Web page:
Nearly three decades after California became the first state to cap property taxes, many states are still struggling with the hot-button political issue.

In Wisconsin, where property taxes are expected to rise an average 6 percent in 2005, the eighth consecutive annual increase, the debate has become especially taxing.

"My tax bill went up approximately $600," said Milwaukee homeowner Greg Herker. "Now, they're getting to the point of being crushing."

Herker's 17 percent increase topped the statewide average, but it reflects a national trend.

"Over the past three years, state and local property tax collections have grown by more than 20 percent. That's the fastest-growing tax at the state and local level," said Pete Sepp, vice president for communications at the National Taxpayers Union (search).

Property taxes are used to fund local services like public works, police, firehouses and education. But many localities aren't generating enough income these days to cover the costs.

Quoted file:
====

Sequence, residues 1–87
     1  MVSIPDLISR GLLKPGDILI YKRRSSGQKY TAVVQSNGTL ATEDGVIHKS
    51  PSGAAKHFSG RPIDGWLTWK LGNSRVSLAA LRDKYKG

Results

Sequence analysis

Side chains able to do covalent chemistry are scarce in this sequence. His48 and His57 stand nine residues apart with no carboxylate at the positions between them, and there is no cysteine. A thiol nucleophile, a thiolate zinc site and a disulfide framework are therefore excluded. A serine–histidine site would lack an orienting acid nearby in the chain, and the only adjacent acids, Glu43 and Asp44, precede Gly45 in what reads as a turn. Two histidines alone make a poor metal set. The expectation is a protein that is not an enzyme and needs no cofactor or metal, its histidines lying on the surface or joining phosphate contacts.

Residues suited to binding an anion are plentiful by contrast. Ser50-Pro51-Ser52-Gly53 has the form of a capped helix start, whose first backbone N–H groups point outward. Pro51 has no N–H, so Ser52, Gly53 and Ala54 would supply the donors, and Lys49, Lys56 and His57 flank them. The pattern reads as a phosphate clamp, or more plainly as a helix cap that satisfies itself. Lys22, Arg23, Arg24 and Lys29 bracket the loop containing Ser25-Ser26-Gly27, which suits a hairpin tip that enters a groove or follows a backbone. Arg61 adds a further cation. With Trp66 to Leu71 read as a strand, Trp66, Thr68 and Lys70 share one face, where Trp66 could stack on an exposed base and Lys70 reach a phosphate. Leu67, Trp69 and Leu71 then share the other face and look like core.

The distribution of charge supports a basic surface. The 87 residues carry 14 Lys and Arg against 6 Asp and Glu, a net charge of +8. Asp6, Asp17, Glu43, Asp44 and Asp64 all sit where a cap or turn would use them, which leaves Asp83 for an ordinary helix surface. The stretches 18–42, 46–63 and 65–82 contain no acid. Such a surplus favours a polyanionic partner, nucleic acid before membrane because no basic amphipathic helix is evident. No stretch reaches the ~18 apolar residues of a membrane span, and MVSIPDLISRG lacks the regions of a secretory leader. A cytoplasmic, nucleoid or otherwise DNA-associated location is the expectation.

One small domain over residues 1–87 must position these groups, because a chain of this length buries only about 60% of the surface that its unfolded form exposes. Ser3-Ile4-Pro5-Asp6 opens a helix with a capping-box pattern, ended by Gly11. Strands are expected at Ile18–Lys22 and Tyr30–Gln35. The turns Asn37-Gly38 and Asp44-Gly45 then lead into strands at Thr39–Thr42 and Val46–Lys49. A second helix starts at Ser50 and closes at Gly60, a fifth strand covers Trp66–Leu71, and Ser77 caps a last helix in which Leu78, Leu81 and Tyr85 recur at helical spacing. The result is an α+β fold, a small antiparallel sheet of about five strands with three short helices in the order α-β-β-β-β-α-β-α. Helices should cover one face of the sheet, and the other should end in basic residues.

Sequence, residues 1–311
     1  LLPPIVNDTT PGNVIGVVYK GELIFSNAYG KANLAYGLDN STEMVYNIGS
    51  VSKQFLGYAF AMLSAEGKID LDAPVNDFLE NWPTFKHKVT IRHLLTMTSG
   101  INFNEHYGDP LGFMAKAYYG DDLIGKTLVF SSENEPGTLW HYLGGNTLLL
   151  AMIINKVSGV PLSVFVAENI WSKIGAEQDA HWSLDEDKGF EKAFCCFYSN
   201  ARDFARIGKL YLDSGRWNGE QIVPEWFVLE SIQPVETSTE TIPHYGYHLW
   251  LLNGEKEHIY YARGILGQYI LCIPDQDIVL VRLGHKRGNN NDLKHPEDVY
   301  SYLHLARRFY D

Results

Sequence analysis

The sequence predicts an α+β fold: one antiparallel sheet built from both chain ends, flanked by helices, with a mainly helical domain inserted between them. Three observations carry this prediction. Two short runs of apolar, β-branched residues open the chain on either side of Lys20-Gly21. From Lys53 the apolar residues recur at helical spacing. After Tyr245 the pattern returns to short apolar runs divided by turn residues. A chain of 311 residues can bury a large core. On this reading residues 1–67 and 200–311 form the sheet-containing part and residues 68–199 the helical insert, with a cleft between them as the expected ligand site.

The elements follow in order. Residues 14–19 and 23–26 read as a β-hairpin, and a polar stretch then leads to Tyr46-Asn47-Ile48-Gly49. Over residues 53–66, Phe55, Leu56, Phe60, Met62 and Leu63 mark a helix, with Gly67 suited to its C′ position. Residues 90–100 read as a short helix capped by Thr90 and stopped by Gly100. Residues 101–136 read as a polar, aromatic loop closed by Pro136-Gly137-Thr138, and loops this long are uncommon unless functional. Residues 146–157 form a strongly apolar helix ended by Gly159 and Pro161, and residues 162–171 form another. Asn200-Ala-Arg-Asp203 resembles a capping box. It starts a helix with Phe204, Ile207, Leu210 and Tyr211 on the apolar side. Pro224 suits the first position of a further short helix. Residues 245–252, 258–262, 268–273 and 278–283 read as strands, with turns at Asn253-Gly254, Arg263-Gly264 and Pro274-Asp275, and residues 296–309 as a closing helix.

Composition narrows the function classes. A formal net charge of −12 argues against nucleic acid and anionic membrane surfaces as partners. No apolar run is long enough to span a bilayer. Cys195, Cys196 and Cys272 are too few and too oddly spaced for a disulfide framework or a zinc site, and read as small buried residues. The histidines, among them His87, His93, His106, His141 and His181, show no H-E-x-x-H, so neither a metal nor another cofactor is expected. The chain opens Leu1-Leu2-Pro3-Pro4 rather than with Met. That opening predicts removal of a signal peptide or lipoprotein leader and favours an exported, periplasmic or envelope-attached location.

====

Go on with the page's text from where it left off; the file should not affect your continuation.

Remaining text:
NTU and other tax watchdog groups blame wasteful spending and state revenue cuts.

"When a state government runs a deficit, it often passes the buck to local governments by cutting their aid, and local governments in turn pass the buck to taxpayers," Sepp said.

Many of those taxpayers are forming grassroots organizations to urge reform.

"This country is founded on the basis of taxation with representation, and right now, taxpayers feel they are not being represented according to their numbers," said Chris Kliesmet, spokesman for the Milwaukee-based Citizens for Responsible Government Network (search).

But Bert Waisanen, a tax policy specialist at the National Conference of State Legislatures (search), said local governments have few options when times are tight.

"If you reduce reliance on the property tax, how do you replace the revenues that you need to finance schools, police and fire? It's really a difficult challenge in a time of limited budgets."

In recent years, shortfalls have been offset by the housing boom. Since increased property values translate into higher home assessments, homeowners are paying higher taxes.

To prevent urban exodus, several states, including Wisconsin, have introduced legislation to cap property taxes. Nevertheless, tax reform watchdogs remain skeptical, arguing that governments will find a way to sidestep caps and tax property owners one way or another.

Click in the box near the top of the story to watch a report by FOX News' Jeff Goldblatt.